Amidst overinflated shares, growing bank loans, and an overheated economy, a record 12.9 million shares were traded on Black Thursday. The stock market would soon crash, causing the Great Depression, which led millions of Americans to become unemployed.

Although the government considered federal intervention so that aid could be directly sent to American citizens, President Herbert Hoover decided not to proceed. Thus, many Americans blamed him for the worsening Depression, which soon left 15 million people looking for work.

At the same time, shanty towns known as Hoovervilles started cropping up across America, as people tried to get by any way they could.

Things would eventually improve, of course, but the Great Depression wouldn't officially come to an end until 1939 — a full decade after it began.


After this eye-opening look into life in the 1920s, check out our gallery of 44 colorized century-old New York City photos. Or, look through our gallery of 99 colorized photos from history's most iconic moments.

author
Austin Harvey
author
A staff writer for All That's Interesting, Austin Harvey has also had work published with Discover Magazine, Giddy, and Lucid covering topics on mental health, sexual health, history, and sociology. He holds a Bachelor's degree from Point Park University.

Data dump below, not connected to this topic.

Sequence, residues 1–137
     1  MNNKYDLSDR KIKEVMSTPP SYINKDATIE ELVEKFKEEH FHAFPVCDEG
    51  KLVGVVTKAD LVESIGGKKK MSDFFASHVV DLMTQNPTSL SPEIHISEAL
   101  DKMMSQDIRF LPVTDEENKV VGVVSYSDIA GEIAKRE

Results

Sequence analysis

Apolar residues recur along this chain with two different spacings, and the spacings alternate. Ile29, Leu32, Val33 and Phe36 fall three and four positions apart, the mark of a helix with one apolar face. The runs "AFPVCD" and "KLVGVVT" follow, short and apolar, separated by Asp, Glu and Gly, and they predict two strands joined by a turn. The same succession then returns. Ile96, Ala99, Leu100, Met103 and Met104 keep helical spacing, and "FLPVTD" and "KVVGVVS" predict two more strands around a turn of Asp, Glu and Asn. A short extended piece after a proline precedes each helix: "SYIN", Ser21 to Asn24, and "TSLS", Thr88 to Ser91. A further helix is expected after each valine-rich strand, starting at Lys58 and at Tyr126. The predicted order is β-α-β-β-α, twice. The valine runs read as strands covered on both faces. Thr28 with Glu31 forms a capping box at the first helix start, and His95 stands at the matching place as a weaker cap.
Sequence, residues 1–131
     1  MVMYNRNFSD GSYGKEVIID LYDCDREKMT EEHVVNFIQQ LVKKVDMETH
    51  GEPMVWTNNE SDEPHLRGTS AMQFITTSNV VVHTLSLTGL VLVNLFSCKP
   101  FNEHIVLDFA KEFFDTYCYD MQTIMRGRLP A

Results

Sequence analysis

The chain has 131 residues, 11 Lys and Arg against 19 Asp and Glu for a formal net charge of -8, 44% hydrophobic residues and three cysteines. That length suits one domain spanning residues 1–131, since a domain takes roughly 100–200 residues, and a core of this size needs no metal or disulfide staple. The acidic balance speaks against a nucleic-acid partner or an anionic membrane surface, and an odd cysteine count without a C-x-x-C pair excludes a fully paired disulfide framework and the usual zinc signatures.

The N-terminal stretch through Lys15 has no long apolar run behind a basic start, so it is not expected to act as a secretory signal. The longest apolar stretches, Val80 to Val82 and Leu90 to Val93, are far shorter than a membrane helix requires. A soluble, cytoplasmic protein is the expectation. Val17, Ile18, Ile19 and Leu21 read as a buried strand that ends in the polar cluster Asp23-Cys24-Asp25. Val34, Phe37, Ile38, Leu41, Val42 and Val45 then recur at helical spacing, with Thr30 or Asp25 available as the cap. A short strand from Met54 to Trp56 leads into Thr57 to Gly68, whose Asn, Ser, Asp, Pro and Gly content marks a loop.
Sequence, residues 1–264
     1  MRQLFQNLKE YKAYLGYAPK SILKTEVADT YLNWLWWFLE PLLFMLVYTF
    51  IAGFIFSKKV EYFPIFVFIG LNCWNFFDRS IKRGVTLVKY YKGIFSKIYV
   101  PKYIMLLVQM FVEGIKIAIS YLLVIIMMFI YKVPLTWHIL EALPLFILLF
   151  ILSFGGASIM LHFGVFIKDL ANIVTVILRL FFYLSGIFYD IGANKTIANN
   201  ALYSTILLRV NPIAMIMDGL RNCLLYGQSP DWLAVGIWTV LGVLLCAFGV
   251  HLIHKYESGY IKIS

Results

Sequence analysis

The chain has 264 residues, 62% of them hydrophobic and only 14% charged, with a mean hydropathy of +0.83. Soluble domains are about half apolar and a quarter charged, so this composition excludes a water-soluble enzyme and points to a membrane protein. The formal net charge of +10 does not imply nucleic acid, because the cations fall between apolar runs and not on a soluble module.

editor
Jaclyn Anglis
editor
Jaclyn is the senior managing editor at All That's Interesting. She holds a Master's degree in journalism from the City University of New York and a Bachelor's degree in English writing and history (double major) from DePauw University. She is interested in American history, true crime, modern history, pop culture, and science.
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Harvey, Austin. "77 Colorized Images That Show The Roaring Twenties As It Truly Was." AllThatsInteresting.com, June 5, 2024, https://allthatsinteresting.com/1920s-colorizations. Accessed June 21, 2024.